While our day opportunities have had to temporarily close due to Covid-19, the teams adapted to ensure they stay connected with the people they support and their communities; creating innovative ways of supporting from afar and keeping everything ticking over throughout lockdown.
We have started a pilot in our Preparing For Adulthood team and now have colleagues, from both adults and children social care and from our mental health social work team, working alongside us to evaluate how we can work differently with young people as they develop and move towards their aspirations as young adults.
I am also excited that next week we will be launching our Direct Payment Vision and Strategy at a special New Direct Payments Launch event on 22 and 24 March and I’d like to say a huge thanks to the Direct Payment board for the work they have done in pulling this together. If you are in receipt of Direct Payments or are interested in finding out more, then please do come along. You can book a place online, here.
These are just a few examples of the work that has been going on as well as our regular activities and our responses to COVID.
Whilst coronavirus will more than likely, always be with us, we now have a vaccine programme which is going brilliantly well in Shropshire, Telford and Wrekin. To date, over 230k + people have now been vaccinated. However, we all still need to keep our guard up and keep following the rules and guidelines, not only to protect ourselves, but our loved ones and communities too.
I know that Shropshire will get through these challenging times by us working together, strengthening relationships and looking out for each other. To me this reflects the South African philosophy Ubuntu: I am Because We are, this year’s theme for World Social Work Day. We are all interdependent on each other, and by working together, and supporting each other, we can get through this together.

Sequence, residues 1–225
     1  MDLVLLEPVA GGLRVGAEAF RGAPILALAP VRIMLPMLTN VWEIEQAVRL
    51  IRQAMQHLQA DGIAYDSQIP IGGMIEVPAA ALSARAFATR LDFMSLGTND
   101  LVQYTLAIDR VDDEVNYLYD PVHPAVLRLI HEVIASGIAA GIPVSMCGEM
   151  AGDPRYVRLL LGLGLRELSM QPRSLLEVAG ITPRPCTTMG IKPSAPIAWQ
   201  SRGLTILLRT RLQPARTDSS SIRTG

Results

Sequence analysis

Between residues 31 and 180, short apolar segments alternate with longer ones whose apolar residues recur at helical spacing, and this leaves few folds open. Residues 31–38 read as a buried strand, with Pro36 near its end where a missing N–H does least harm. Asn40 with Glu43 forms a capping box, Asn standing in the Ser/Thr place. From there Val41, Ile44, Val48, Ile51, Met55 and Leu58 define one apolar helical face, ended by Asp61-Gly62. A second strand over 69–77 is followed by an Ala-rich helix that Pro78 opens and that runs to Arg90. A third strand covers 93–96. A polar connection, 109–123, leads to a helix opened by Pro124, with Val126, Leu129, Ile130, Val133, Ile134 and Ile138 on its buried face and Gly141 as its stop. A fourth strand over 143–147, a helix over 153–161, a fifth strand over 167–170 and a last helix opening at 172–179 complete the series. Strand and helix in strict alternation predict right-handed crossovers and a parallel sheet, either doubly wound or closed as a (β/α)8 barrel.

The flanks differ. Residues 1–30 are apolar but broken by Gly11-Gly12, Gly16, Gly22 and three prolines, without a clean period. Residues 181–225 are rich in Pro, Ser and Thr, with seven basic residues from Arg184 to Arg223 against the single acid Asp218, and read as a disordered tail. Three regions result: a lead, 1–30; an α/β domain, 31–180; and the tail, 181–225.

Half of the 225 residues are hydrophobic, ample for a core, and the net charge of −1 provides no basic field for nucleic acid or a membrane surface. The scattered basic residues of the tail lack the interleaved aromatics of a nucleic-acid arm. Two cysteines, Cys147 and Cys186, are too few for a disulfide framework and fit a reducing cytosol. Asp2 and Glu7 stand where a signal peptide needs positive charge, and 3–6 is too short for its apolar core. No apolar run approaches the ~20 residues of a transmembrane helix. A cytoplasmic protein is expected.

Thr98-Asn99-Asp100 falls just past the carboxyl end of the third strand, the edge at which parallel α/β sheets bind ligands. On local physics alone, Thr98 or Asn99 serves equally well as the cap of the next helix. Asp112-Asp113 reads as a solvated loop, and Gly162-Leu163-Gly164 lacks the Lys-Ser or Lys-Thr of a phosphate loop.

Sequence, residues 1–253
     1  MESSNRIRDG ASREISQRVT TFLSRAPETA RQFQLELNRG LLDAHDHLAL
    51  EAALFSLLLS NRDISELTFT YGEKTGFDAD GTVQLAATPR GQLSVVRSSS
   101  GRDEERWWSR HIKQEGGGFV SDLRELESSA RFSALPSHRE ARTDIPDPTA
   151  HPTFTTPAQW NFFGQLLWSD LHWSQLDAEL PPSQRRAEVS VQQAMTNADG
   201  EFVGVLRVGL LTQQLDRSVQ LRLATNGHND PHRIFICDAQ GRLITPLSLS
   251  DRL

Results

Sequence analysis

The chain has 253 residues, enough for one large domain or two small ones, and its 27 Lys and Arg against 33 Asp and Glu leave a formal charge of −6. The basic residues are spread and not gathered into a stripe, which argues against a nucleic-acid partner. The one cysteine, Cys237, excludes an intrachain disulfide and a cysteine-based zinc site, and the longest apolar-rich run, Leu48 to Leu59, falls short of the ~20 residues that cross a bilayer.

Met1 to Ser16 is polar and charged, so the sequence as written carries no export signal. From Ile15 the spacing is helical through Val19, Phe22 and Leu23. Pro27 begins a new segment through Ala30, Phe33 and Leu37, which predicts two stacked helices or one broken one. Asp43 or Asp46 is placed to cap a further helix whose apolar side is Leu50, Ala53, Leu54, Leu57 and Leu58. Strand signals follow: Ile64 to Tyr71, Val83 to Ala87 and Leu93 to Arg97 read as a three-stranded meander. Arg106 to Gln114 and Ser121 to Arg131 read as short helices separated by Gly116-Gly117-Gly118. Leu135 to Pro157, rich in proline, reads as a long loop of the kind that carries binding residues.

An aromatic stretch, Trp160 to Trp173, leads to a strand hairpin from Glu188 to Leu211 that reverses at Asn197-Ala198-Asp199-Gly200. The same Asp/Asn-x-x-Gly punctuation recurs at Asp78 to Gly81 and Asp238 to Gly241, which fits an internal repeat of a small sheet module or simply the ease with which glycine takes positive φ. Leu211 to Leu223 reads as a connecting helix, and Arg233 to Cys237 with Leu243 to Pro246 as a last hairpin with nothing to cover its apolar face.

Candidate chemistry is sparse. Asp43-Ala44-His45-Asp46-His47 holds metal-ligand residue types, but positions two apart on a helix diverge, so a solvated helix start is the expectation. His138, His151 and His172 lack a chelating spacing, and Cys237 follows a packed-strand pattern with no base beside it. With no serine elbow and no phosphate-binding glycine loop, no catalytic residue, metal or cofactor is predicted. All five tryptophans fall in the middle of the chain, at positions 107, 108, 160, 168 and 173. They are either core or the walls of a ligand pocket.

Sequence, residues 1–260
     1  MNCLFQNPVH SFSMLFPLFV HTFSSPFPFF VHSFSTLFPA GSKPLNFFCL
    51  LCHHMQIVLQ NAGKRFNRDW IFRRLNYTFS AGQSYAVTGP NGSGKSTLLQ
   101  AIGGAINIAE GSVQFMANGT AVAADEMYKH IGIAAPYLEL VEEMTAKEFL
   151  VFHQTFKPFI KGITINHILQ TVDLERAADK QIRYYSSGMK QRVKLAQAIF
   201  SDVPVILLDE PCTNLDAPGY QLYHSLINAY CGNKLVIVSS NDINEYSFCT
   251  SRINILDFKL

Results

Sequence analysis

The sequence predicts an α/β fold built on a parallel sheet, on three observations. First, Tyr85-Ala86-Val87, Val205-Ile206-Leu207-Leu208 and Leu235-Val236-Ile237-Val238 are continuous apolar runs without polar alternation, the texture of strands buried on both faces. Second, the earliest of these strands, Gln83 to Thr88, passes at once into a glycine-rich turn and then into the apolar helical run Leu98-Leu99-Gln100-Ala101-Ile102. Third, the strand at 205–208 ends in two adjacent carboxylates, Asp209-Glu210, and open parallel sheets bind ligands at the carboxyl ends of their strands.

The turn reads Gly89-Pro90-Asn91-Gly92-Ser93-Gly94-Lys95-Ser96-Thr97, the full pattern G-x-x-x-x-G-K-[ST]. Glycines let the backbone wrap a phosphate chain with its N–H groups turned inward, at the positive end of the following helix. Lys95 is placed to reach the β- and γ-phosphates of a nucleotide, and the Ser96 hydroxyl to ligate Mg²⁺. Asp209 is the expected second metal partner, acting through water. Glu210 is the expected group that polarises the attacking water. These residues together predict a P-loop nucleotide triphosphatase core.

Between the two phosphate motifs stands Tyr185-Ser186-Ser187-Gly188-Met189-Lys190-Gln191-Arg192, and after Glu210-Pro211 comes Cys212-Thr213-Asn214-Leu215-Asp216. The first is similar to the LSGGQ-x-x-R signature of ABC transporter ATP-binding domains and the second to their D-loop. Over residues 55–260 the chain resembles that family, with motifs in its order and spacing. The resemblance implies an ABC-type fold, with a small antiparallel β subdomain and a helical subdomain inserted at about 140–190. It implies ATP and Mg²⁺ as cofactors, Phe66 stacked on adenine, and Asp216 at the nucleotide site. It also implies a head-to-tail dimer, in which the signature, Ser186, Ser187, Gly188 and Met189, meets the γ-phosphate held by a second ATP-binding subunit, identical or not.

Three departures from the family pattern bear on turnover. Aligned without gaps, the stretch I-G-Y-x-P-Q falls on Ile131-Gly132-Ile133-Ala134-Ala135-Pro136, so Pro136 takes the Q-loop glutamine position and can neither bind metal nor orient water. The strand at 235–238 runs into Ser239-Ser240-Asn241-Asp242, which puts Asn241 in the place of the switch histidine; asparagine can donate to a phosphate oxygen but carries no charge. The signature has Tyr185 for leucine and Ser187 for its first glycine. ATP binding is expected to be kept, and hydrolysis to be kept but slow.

I am so proud and humbled by the hard work, energy, commitment and compassion that all our staff have shown, and how they have stepped up and risen in these challenging times.
World Social Work Day is a celebration that aims to highlight the achievements of social work, to raise the visibility of social services for the future of societies, and to defend social justice and human rights.
Every year, World Social Work Day is celebrated the third Tuesday of March, it is a celebration that has become a highpoint in the social work calendar with social workers all over the world celebrating and promoting the contributions of the profession to individuals, families, communities and wider society.
The theme for World Social Work Day 2021 is Ubuntu: I am Because We are – Strengthening Social Solidarity and Global Connectedness. Ubuntu´ originates from the indigenous peoples of South Africa and was popularized across the world by Nelson Mandela. Ubuntu: ‘I am because we are’ is a word, concept and philosophy that resonates with the social work perspective of the interconnectedness of all peoples and their environments. It speaks to the need for global solidarity and also highlights indigenous knowledge and wisdom.